BETTY ANN BOWSER: Confined to a wheelchair because of a recent stroke, 70-year-old Valentin Soskin and his wife spend much of their time watching Russian television in their tiny Denver apartment. They came to this country from Chernobyl nine years ago. But because of difficulties learning English, have been unable to pass the citizenship exam. The Soskins are legal immigrants who depend on a monthly Medicaid check to pay their medical bills. But in March, the Colorado legislature voted to end Medicaid benefits for legal residents, and now Valentin says the little money he has will all have to go toward paying medical bills.
VALENTIN SOSKIN (Translated): I will not be able to pay my rent and I will not be able to buy food and other necessary things.
BETTY ANN BOWSER: Soskin is not alone. Some 3,500 legal residents in Colorado will be affected. About one third are elderly suffering from illnesses like cancer, diabetes and Alzheimer's. Another third are children, and another thousand are pregnant women.
LORAZ MEINHOLD, Colorado Consumer Health Initiative: We are talking about the poorest of the poor, the most vulnerable in the state. These are people that on average make below federal poverty level of standard. They have no assets. They have no reserves. They have-- very few times they have homes. I mean, these are people that really depend and rely on these services in order to live.
BETTY ANN BOWSER: Lorez Meinhold is the director of the Colorado Consumer Health Initiative, an advocacy group for healthcare access. She says cutting Medicaid to these people means they won't be able to afford things like chemotherapy, prescription drugs, home healthcare, prenatal services and immunizations.
LORAZ MEINHOLD: For some of these people it is a question of life and death - of whether they will continue to be able to survive. People who have been at home won't be able to stay at home. I don't know who's necessarily going to want to pick up the cost for them. It means more people will end up in the emergency room. It means more people will have worse health outcomes because of this.
STATE SEN. DAVE OWEN: We don't like to do this, and some of our members agonized over these kind of decisions.
BETTY ANN BOWSER: Republican State Senator Dave Owen, who chairs the budget committee, says no one enjoys cutting Medicaid, but every state in the nation is having to do it this year. He said Colorado's faltering economy has reduced state revenues by 18 percent. That means lawmakers have had to make some painful budget cuts to make up the $850 million shortfall.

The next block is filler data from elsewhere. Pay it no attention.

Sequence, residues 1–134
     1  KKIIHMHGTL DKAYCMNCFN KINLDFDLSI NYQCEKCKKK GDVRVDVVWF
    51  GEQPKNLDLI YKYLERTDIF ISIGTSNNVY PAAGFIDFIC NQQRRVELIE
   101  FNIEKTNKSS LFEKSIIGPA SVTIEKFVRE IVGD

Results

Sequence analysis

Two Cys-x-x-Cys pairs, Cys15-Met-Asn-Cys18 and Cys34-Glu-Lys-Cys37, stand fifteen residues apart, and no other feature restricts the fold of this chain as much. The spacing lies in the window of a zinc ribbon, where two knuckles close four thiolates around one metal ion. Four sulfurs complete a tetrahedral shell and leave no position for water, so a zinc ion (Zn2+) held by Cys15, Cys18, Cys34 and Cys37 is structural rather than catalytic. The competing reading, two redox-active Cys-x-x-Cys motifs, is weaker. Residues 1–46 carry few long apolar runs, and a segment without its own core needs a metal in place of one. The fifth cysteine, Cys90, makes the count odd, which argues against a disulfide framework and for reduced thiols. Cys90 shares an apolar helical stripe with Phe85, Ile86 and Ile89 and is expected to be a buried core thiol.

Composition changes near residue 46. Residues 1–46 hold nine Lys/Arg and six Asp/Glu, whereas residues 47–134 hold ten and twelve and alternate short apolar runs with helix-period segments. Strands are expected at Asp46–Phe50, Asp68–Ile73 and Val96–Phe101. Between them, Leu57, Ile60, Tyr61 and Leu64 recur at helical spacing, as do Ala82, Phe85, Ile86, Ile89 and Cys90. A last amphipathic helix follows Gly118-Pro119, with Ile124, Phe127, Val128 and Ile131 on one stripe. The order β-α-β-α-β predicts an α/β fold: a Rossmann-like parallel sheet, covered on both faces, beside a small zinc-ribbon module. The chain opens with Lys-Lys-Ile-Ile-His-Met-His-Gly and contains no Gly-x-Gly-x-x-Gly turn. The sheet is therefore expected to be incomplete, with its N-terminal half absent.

STATE SEN. DAVE OWEN: We're spending more than we're taking in. It's just like your own checkbook. If you spend more money than what your organization pays you, then you have to quit spending. And that's exactly what we've done.
BETTY ANN BOWSER: Colorado's Medicaid program is one of the leanest in the country. For example, it covers only 5 percent of the non-elderly population versus the national average of 12 percent. But Medicaid is the state's second largest expenditure, and covering legal residents is considered optional by the federal government. Eight other states don't offer Medicaid to legal residents. So Senator Owen says it had to be cut along with many other important programs, including money for higher education, libraries, childcare, and prescription drugs.
STATE SEN. DAVE OWEN: We're cutting into damaging muscles of every government program. Not only Medicaid. We've reduced our prison appropriations to such a point that I'm concerned about health and safety in our prisons. And every state program has... we've cut across the board. And you're absolutely correct. Colorado didn't have a lot of fat in their government, yet we're forced to cut the government. We have to have a balanced budget. And our constitution requires a balanced budget.
BETTY ANN BOWSER: The Medicaid cut will save the state $8 million a year, but Meinhold says ultimately those savings will be lost as people are forced to seek expensive emergency room care. Even Senator Owen admits the long-term consequences could be costly, but he said lawmakers had no other choice. Raising taxes in Colorado is virtually impossible, since any tax increase must be approved directly by voters. What angers Meinhold is that the state didn't take money from more powerful interest groups. She points to the fact that the state government appropriated $9 million to promote tourism, and refused to charge gun owners a fee to pay for background checks. Instead she says, it cut benefits for legal immigrants.
LORAZ MEINHOLD: There's less of a voice, an organized voice for immigrants. People who have been working hard, pay taxes, thought that the system would be there for them when they needed it when they fell on hard times, and it is proving not to be the case. And none of these people can actually vote and that somewhat makes them more of a likely political target than others.
STATE SEN. DAVE OWEN: That was not a consideration. There was no political consideration in this. It was basically a monetary, budget decision because we felt it had the least impact of the Medicaid served population.
BETTY ANN BOWSER: The cuts would have been effective April 1, but the American Civil Liberties Union filed a lawsuit on behalf of Mr. Soskin and several other immigrants, saying that targeting a specific population violated the equal protection clause of the constitution. A federal district judge ruled in favor of the state, saying that although the cuts "would result in irreparable injury to many of the plaintiffs," the "effects on public interest" of not having a balanced budget, were greater. The ACLU has appealed that decision.